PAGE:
he said. "It appears that the Commission is taking the easy road, but
the easy road is seldom the right road." 
Sumner said ARRL officials and the Board of Directors would closely
study the 30-page NPRM and plan to comment further after they've had
the opportunity to consider the Commission's stated rationales for its
In 2004, the ARRL filed a Petition for Rule Making asking the FCC to
amend Part 97 to complete the Amateur Service restructuring begun in
1999 but "left unfinished." The League called on the FCC to create a
new entry-level license, reduce the number of actual license classes to
three and drop the Morse code testing requirement for all classes
except for Amateur Extra. Among other recommendations, the League asked
the FCC to automatically upgrade Technician licensees to General and
Advanced licensees to Amateur Extra. In this week's NPRM, the FCC said
it was not persuaded such automatic upgrades were in the public
The FCC said it did not believe a new entry-level license class was
warranted because current Novice and Tech Plus licensees already can
easily upgrade to General. "We also note that, if our proposal to
eliminate telegraphy testing in the amateur service is adopted," the
FCC continued, "a person who is not a licensee will be able to qualify
for a General Class operator license by passing two written
examinations, and that a person who is a Technician Class licensee will
be able to qualify for a General Class operator license by passing one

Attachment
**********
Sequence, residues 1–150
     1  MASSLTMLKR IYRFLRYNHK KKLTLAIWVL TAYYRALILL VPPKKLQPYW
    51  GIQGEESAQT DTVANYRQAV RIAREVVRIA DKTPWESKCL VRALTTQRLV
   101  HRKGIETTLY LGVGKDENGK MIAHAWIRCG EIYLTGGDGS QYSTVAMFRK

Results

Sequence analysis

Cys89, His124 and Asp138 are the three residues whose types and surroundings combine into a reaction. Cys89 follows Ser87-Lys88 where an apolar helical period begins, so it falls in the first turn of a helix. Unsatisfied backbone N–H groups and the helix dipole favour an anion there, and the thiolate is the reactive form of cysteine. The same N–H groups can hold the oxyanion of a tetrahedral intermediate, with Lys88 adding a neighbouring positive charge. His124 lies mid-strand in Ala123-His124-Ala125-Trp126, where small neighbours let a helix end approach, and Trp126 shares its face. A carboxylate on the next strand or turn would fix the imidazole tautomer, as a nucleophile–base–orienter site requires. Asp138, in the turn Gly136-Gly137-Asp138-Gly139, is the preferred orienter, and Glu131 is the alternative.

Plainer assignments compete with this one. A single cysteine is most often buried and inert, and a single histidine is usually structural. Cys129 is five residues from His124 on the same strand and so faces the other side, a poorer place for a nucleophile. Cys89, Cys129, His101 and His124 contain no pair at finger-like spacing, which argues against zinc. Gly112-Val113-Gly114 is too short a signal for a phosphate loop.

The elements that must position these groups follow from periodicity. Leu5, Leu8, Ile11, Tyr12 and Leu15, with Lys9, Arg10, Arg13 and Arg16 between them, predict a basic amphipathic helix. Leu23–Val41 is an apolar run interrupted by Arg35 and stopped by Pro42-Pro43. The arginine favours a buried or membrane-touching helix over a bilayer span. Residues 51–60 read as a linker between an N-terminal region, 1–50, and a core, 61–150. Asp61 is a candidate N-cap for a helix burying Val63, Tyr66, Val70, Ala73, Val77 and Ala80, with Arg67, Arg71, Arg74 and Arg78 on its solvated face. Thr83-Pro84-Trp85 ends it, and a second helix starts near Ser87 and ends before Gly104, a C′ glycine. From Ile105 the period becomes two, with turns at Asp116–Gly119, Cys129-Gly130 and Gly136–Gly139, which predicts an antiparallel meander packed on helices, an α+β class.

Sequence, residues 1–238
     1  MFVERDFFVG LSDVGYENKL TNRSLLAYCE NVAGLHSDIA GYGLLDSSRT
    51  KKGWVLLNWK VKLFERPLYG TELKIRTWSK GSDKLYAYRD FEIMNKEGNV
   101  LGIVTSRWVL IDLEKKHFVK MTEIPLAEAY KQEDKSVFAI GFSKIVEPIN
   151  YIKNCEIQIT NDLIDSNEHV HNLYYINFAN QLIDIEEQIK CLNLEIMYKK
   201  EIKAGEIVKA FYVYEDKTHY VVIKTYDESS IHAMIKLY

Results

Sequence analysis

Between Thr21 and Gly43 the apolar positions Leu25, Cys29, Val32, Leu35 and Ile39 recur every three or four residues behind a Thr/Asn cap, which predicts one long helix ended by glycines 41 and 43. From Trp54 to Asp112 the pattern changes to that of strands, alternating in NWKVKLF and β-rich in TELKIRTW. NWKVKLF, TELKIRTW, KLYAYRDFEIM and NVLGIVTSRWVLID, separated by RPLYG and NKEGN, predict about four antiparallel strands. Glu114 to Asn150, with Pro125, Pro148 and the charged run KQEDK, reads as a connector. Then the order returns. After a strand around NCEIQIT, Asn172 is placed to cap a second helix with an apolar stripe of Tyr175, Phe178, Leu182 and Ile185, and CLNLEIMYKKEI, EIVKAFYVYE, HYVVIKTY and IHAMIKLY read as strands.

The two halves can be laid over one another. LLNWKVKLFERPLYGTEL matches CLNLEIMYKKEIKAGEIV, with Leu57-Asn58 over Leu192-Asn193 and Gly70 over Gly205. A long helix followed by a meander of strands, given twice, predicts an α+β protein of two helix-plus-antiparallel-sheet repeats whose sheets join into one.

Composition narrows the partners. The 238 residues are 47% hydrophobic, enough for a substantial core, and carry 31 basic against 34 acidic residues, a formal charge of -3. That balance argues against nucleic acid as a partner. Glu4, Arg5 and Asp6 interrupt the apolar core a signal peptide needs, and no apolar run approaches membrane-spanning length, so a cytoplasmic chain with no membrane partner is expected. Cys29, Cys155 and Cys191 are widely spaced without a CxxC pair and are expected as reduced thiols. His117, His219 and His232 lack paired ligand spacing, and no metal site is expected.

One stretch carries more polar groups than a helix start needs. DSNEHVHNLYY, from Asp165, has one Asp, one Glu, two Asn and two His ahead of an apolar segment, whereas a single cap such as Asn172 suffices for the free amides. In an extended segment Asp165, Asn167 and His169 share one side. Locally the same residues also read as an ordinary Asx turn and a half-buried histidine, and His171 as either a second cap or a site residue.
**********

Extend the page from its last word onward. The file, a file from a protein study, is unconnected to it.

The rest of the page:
written examination." The FCC said it does not believe either path to
be unreasonable. 
The FCC also said that it's already addressed some of the other issues
petitioners raised in its "Phone Band Expansion" (or "Omnibus") NPRM in
WT Docket 04-140. In that proceeding, the Commission proposed to go
along with the ARRL's Novice refarming proposal aimed at reallocating
the current Novice/Tech Plus subbands to provide additional phone
spectrum. (See: ) Under
the plan, Novice/Tech Plus licensees would be granted CW privileges in
the current General CW subbands. 
A 60-day period for members of the public to comment on the FCC's NPRM
in WT 05-235 will begin once the NPRM appears in the Federal Register.
Reply comments will be due within 75 days of the NPRM's publication in
the Federal Register. 
NOTE:  Old Tech licensees.  The magic date is actually March 21, 1987.
That's the date that old Element 3 was split into 3A and 3B. The 1991
date is the date before which the Tech license required a Morse exam.
If you had a Technician license issued before that date and haven't let
it expire, you can upgrade to General administratively by simply
bringing the evidence to a VE session.  
Technician Plus is post-1987. It is no longer maintained in the FCC
database. If you have a Tech Plus license and renew it, you get a Tech
license back (97.21(a)(3)). It's up to you, the licensee, to maintain